How do we keep our lessons engaging? Does innovation play a part in this?
Teachers have their own methods of keeping students engaged in their lessons. In my opinion, I think it depends on their personality, interests, and cultural knowledge. I currently teach in the school I graduated high school from, which is almost 100% Alaska Native. I’ve also taught in urban schools (Anchorage and Fairbanks). In my experience, it is easier to engage those students who share the same cultural background than those who don’t. I engage my students by incorporating our Yup’ik culture and having them make those cultural connections outside of school to my curriculum content.
I agree with what author Burgess explains in his book, Teach Like a Pirate, how a person is not born with creative skills, a person gains those skills through practice and years of experience (location 618). Even if a teacher doesn’t share the same cultural knowledge or background of their students, they can still find ways to engage their class. For instance, Burgess explains incorporating kinesthetic activities (location 1167) for times when your class is lingering on and needs more energy. I like the idea of getting students out of their desks at least once during each lesson. I teach K-1 and if I can get my kids out of their seats during each subject, I know they’ll be more engaged and likely to complete the task.
Last year, my mentor teacher introduced me to “K-5 Energizers,” I haven’t tried it yet, but I plan to. It’s a guide for teachers on how to integrate movement and physical activity into your curriculum content. Last year with my fourth grade class, I did something called “Brain Breaks.” I used keepvid.com to download Just Dance for Kids on YouTube and during each passing period I played a song. My class got a chance to get out of out their desks and move around and dance. They loved it so much, I would get requests to which song to play, and when I didn’t make it to school, they would tell me the next day how much they missed their brain breaks.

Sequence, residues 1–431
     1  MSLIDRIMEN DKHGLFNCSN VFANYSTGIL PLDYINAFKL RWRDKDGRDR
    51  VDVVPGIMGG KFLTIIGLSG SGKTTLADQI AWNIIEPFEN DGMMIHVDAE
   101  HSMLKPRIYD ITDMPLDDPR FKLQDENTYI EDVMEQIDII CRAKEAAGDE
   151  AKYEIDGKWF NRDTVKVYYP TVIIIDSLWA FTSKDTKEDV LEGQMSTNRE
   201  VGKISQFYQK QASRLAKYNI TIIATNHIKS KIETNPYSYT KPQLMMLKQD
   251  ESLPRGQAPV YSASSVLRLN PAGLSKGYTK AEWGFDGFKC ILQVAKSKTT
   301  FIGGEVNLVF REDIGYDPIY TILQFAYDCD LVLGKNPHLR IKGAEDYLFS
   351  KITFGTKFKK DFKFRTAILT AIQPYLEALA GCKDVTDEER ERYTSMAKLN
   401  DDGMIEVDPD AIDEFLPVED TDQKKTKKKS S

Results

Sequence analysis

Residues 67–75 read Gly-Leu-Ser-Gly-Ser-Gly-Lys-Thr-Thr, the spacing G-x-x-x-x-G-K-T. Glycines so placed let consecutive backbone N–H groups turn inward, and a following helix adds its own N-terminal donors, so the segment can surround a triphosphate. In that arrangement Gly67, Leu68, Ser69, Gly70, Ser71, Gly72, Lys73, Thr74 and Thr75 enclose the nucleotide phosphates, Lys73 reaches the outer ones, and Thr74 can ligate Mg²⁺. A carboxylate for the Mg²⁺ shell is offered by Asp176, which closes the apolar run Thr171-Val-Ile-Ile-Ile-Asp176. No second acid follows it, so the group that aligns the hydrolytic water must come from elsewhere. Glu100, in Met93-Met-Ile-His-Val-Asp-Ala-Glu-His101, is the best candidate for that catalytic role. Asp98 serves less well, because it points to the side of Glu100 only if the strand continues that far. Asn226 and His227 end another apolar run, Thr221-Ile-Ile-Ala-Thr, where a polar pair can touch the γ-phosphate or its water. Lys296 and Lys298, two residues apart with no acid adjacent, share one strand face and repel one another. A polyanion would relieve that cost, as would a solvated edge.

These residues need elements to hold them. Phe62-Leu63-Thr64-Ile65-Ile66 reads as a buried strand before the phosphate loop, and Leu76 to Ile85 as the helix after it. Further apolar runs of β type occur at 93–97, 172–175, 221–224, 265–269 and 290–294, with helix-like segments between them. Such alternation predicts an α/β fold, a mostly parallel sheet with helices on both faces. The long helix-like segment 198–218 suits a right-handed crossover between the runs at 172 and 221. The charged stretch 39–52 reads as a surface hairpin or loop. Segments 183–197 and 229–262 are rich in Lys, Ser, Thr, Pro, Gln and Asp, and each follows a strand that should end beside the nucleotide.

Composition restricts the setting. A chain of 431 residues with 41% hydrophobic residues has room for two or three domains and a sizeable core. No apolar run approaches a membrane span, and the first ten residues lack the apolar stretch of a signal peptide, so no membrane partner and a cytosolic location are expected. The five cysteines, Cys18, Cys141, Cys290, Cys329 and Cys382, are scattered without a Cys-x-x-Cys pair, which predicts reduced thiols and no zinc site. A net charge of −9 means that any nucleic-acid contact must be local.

Another hook Burgess uses in his book is “The Picasso Hook,” (location 1241). I try to incorporate art into all my subject areas, but sometimes it takes up a lot of time. I’ve decided that Friday’s are my art days where I have my students’ exercise their imagination in all subject areas (L.A., math, Yup’ik, spelling…)
To me innovation means a lot of things. When I think of innovation, I think of how I’m keeping up with current trends and events, technology, and my students’ likes and dislikes. Burgess talks about building student rapport (location 341) and how learning what interests them is key to keeping them engaged. If I know what interests my students outside of school, what games they play on their iPads or tablets, I can incorporate those into my daily lessons. If I am fluent and up-to-date with technology as an individual, I can use my knowledge and expertise to teach with technology. I think it’s important because my students can go beyond our classroom, village and state, and learn more and connect with those classes across the country or in other parts of the world.
Burgess, D. (2012). Teach like a pirate: Increase student engagement, boost your creativity, and transform your life as an educator.
Energizers, Classroom-based Physical Activities. (n.d.). Retrieved September 4, 2015, from http://www.eatsmartmovemorenc.com/Energizers/Texts/K-5-Energizers.pdf
KeepVid: Download YouTube Videos, Facebook, Vimeo, Twitch.Tv, Dailymotion, Youku, Tudou, Metacafe and more! (n.d.). Retrieved September 4, 2015, from http://keepvid.com